There is one thing missing from Stellarium: satellites. You may see lots of low-orbit satellites right after sunset. Some of them are civil and their orbits are published. Orbits of many military satellites are known too because amateur satellite observers are watching them.
Calculating positions for many satellites can be very CPU-intensive. But you can save CPU cycles by recalculating position every frame only for those satellites that can be visible right here and right now. Others can be updated every second or so just to track them.
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Current ISS orbital parameters can be found in the Two Line Element (TLE) at
with a description of the format at http://www.orbitessera.com/html/tle_format.html
Please could someone comment on the process of converting the TLE data into something that could be put in the ssystem.ini file. If you could just give the theory I will do the downloading and parsing manually.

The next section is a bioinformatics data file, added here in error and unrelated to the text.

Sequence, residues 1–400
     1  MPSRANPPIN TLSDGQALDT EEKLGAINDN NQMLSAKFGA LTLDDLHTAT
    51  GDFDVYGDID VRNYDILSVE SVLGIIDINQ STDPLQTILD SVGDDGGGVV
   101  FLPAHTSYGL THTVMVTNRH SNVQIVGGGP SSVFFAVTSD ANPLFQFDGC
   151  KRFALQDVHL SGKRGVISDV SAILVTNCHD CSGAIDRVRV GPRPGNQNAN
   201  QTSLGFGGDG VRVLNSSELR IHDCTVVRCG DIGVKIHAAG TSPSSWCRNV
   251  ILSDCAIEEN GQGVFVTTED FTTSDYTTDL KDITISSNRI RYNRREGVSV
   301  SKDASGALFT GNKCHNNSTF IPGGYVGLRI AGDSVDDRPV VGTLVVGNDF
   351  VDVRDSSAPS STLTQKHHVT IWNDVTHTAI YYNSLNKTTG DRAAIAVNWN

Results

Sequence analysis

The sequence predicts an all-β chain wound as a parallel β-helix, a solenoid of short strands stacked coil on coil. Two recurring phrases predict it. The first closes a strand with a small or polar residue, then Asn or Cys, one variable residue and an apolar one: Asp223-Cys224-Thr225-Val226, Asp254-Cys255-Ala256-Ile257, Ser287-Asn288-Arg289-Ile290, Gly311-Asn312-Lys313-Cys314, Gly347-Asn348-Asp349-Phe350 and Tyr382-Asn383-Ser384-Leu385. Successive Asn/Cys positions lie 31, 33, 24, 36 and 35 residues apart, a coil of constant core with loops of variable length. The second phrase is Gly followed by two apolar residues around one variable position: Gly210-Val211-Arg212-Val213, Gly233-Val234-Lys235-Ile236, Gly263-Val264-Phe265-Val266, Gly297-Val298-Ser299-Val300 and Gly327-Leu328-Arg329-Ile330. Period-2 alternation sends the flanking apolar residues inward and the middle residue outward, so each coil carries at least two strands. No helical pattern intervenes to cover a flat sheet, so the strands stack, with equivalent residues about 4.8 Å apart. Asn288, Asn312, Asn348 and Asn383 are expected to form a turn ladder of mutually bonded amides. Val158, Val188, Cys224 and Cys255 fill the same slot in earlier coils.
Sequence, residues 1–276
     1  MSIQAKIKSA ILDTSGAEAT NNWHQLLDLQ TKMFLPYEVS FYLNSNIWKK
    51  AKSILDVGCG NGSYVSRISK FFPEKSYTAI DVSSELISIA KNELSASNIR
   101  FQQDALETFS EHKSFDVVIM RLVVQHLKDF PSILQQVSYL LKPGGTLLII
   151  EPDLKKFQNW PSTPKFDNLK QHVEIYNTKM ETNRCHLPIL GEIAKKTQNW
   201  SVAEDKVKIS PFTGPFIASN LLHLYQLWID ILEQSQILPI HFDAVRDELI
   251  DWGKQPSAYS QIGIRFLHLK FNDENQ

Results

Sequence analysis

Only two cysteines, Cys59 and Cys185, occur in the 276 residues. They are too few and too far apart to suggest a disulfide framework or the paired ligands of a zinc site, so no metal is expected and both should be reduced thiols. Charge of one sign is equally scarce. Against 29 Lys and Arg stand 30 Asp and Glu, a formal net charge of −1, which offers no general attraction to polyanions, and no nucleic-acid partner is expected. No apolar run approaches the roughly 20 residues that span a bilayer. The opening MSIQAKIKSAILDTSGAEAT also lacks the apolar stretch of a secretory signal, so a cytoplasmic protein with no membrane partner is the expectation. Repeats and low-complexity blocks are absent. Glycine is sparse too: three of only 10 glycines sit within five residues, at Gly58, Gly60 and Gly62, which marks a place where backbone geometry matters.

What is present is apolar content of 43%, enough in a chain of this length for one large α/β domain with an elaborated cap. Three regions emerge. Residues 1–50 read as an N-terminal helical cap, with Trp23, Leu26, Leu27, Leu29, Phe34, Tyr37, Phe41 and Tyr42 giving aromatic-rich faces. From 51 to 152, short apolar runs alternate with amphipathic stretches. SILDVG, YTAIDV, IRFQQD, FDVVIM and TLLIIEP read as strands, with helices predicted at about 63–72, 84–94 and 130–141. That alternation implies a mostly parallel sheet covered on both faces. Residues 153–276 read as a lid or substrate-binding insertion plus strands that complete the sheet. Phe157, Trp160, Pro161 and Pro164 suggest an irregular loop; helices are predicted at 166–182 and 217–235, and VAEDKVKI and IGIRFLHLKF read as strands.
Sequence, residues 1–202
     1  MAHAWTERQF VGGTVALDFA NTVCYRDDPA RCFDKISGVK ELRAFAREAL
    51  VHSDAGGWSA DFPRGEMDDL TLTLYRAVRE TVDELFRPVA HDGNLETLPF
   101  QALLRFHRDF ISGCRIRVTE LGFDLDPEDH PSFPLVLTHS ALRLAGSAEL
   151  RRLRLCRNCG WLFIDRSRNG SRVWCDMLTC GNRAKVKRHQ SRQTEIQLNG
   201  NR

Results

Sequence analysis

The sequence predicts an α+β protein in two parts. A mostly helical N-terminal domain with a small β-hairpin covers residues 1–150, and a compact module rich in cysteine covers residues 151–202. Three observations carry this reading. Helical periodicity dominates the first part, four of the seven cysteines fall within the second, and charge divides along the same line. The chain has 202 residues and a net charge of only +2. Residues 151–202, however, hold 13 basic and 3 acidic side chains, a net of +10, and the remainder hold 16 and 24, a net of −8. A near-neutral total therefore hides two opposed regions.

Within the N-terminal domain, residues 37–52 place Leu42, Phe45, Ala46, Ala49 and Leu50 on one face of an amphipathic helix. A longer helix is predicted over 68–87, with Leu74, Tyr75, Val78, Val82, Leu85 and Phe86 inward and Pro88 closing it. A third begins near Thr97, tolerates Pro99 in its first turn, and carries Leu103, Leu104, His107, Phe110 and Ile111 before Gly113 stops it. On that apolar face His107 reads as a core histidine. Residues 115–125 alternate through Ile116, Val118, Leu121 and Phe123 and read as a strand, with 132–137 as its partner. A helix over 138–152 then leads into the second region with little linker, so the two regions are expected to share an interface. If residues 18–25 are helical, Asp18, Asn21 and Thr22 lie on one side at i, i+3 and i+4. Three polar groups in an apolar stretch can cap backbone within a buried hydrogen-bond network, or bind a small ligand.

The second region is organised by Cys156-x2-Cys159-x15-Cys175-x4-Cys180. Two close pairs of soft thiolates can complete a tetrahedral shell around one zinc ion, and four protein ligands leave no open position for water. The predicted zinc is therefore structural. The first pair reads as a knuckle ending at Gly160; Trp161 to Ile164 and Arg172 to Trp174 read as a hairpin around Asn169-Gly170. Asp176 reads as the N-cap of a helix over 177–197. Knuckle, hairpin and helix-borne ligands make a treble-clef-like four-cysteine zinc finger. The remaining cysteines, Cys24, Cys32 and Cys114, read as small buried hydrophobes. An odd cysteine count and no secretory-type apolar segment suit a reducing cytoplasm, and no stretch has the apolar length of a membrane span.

This would be very good - an excellent educational tool, particularly showing the geostationary belt.
It would be good if you could actually view from a satellite too.
thought i'd bump this up again .... any plans?
Are there any plans to implememt this?
A further (ihmo very nice) link for satellite observation
In the current version you could define the
satellite in ssystem.ini with an elliptic orbit
around the earth.
With the current CVS version you can position
yourself onto any solar system body, including
your satellite (home_planet in config.ini).
This might be good enough for educational
The problem with artificial satellites,
minor planets and comets is that their orbit
always change. You have to download new orbits
from the internet quite frequently in order to
keep accuracy. I think the management of the
download and parsing of the files would be most
part of the work.
can i see the location of the geostationary satellites?